There’s been a slow trickle of early morning voters at Hampstead Hill Academy in Canton. Outside the building, there are posters for Mayor Brandon Scott, Councilman Zeke Cohen and Joe Koehler, a CPA and the treasurer of the Canton Community Association.

The Kronsberg family made their way to vote with their daughter, who said she is “four and three-quarters.” Parents Sarah and Hal said they’ve been bringing her to vote ever since she was a baby.

“She’s excited,” her mom said. “Mostly for the stickers.”

Over in Howard County, it’s been pretty quiet at Roger Carter Community Center during the first hour of voting. While campaign posters lined the driveway entrance to the Ellicott City community space, only a handful of voters made their way into the polls. Most were walking in to complete their morning workout or take a swim.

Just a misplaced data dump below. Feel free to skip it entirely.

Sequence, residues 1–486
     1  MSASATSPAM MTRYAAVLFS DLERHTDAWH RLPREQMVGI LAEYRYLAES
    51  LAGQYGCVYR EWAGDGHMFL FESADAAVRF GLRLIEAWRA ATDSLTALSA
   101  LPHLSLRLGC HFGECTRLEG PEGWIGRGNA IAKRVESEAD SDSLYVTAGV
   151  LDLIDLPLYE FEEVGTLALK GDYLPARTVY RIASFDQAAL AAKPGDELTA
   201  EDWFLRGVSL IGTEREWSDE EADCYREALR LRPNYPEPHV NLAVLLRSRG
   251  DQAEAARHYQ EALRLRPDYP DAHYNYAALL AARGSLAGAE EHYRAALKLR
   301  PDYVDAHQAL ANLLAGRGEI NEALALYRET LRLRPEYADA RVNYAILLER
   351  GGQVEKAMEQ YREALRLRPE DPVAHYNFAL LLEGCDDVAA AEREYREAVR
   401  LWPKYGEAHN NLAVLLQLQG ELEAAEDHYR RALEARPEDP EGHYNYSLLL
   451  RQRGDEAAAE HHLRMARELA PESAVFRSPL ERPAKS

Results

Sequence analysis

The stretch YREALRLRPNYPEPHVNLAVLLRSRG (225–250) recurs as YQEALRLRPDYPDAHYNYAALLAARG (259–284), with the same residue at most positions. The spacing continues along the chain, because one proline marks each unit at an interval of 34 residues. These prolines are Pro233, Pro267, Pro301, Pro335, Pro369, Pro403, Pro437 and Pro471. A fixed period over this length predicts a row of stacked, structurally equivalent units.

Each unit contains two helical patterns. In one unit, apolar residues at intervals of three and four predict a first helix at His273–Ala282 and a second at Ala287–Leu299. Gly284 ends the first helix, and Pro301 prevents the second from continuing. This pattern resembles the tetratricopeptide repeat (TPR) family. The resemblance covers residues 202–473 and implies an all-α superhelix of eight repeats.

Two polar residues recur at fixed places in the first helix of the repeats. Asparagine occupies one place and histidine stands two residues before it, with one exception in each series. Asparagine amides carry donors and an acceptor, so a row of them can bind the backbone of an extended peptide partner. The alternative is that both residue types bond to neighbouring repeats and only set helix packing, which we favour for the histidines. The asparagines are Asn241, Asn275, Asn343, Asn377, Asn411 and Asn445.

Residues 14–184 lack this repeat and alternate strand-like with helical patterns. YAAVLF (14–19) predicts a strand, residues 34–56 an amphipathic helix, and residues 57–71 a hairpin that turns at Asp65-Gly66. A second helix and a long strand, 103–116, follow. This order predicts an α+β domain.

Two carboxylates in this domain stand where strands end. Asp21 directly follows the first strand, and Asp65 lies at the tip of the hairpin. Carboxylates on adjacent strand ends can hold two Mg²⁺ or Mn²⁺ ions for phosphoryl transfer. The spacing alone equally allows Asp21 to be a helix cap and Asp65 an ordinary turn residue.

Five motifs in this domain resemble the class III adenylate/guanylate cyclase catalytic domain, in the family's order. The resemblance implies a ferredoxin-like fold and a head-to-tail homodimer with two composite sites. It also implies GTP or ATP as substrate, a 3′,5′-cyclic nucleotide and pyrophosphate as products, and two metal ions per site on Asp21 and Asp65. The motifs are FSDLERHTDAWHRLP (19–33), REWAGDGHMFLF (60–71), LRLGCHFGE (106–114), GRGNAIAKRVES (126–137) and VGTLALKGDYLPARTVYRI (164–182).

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Polls are open | Find your polling place

You must vote at your assigned polling place on primary election day. You can find your assigned polling place using the voter lookup tool online.

Look up your polling place

What to know before you head to the polls

(Alex Fine for The Baltimore Banner)
(Alex Fine for The Baltimore Banner)

Maryland voters will go to the polls this year with an open race for a U.S. Senate seat that could help determine control of the body. In addition, voters will choose all eight of the state’s U.S. representatives — three of which are open seats. Baltimore voters will decide on competitive races for mayor, City Council president and City Council members for Baltimore’s 14 districts. Voters in Anne Arundel and Howard counties have school board primaries in select districts.